Bloomberg News

Obama Turns to Web Industry for Consumer Privacy Standard

February 23, 2012

The Obama administration unveiled an initiative to give consumers more control over their personal information online, calling on Internet companies such as Google Inc. (GOOG) and Facebook Inc. (FB) to develop common privacy standards.

Congress should enact a privacy bill of rights for Web users, the administration said in a report released today in Washington. The U.S. Commerce Department also plans to convene industry and consumer groups to develop voluntary codes of conduct for online privacy that would be enforced by the Federal Trade Commission, according to the report.

“Consumers can’t wait any longer for clear rules of the road that ensure their personal information is safe online,” President Barack Obama said in a statement. “As the Internet evolves, consumer trust is essential for the continued growth of the digital economy.”

Revelations about potential privacy vulnerabilities during the past year have spurred calls from regulators and lawmakers in Washington for stronger protections of personal data online and on Internet-connected mobile devices.

Google and Facebook, the world’s largest social network, are among Web companies facing scrutiny over their handling of consumer data used to power an online ad market projected to reach $39.5 billion in the U.S. this year, according to eMarketer Inc., a New York-based research firm.

Targeted Advertising

The White House report sets broad principles for the use of personal information that include giving consumers control over what data is collected on them and how it is used; providing understandable privacy policies; and handling consumer data securely. The Commerce Department will meet with companies and privacy advocates to develop voluntary standards for businesses based on the principles.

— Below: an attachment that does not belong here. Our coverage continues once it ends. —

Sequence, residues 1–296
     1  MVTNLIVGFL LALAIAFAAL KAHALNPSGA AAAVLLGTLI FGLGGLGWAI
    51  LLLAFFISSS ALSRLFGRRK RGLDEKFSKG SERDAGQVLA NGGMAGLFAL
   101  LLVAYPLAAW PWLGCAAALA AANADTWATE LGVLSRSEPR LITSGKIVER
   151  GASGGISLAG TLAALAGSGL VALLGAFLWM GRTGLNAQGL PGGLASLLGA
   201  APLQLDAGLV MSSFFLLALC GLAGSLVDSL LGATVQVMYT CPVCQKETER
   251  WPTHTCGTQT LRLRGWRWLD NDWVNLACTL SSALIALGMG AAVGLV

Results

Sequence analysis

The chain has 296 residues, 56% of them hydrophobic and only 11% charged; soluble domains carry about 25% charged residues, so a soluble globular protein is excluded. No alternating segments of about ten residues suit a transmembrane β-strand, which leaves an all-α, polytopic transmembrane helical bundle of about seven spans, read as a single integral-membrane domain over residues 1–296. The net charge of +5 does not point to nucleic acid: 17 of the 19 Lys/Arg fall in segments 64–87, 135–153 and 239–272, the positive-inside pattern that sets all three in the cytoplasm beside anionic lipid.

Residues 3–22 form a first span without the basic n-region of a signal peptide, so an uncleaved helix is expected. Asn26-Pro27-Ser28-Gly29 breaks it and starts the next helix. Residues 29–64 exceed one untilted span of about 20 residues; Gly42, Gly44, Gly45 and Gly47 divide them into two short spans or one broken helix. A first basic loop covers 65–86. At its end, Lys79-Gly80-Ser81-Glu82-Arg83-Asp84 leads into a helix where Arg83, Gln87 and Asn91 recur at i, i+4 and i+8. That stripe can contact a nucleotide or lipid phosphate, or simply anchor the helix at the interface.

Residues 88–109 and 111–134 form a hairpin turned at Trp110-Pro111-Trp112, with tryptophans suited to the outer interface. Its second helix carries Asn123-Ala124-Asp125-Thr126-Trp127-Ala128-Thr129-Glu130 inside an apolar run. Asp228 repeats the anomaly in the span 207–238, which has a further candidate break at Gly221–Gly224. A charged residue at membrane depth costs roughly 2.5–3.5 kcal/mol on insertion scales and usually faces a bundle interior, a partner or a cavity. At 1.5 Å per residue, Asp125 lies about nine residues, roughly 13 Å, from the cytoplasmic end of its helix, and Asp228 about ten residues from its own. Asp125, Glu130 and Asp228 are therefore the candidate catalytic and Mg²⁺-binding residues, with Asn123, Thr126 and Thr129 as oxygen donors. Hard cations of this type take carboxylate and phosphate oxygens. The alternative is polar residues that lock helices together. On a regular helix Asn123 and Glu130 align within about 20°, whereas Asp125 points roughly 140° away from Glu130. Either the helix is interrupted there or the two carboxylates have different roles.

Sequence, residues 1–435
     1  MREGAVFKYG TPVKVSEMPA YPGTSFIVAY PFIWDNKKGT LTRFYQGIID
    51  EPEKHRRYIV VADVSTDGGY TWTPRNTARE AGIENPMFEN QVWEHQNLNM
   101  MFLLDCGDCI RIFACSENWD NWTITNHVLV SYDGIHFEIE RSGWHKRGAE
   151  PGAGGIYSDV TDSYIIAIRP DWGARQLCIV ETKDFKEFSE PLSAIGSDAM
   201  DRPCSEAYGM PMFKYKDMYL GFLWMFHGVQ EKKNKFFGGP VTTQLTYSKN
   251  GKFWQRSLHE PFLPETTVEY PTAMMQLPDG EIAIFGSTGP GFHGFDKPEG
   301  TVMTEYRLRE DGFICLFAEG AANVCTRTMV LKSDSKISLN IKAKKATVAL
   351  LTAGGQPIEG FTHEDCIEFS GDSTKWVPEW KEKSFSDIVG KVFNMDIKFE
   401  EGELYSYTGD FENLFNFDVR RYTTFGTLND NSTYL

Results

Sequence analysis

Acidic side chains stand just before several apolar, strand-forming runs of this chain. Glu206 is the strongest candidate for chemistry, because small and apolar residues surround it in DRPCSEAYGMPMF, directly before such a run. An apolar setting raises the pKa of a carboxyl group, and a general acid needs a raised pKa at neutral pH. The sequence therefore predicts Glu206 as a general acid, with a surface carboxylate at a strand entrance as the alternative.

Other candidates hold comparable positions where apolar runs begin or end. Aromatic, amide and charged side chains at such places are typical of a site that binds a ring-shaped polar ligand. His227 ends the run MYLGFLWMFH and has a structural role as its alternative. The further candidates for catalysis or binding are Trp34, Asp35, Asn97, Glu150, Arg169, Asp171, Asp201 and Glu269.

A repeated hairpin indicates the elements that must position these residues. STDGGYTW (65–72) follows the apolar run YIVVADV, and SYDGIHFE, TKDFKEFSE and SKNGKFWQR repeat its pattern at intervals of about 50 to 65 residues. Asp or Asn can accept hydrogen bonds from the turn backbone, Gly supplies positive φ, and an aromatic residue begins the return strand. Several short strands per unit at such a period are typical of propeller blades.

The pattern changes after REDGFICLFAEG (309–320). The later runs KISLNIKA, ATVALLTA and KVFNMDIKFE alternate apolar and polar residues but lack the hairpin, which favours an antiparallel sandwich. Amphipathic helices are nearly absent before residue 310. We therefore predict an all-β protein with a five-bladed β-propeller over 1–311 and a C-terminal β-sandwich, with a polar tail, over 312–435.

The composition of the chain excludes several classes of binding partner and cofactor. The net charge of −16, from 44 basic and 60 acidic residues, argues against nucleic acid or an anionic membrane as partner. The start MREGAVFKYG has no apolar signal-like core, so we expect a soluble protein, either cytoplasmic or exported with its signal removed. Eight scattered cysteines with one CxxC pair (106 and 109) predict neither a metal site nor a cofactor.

Jeff Chester, executive director of the Center for Digital Democracy, which has urged regulators to review the handling of consumer data by companies including Facebook and Google, said privacy advocates “cannot accept any ‘deal’ that doesn’t really protect consumers, and merely allows the data-profiling status quo to remain.” Consumers, not Internet companies, should be in control of their personal information, Chester said.

The FTC, which can act against companies that engage in unfair or deceptive trade practices, last year settled complaints against Google, Facebook and Twitter Inc. over how those companies handle consumer data.

Do Not Track

Privacy advocates have expressed concern that Internet companies are tracking consumers without permission to send targeted advertising based on their Web-browsing habits.

Online-advertising networks are committing to adhere to anti-tracking tools on most major Web browsers, said Stu Ingis, general counsel of the Digital Advertising Alliance, an association of online ad groups that is spearheading the effort.

“The consumer will have the ability to exercise choice,” Ingis said at a White House briefing today. He said the development of a new browser tool will make it clear and simple for consumers to say whether they want to be tracked or not.

Google, owner of the world’s most-popular search engine, said today it would allow a “do-not-track” button to be embedded in its Web browser to let users limit the amount of information gathered on their browsing habits.

“The best way to protect your privacy is to enable you to exercise choice through meaningful product controls,” Susan Wojcicki, Google’s senior vice president of advertising, said in a statement. “We are pleased that today’s agreement will ensure that users are given an explicit choice.”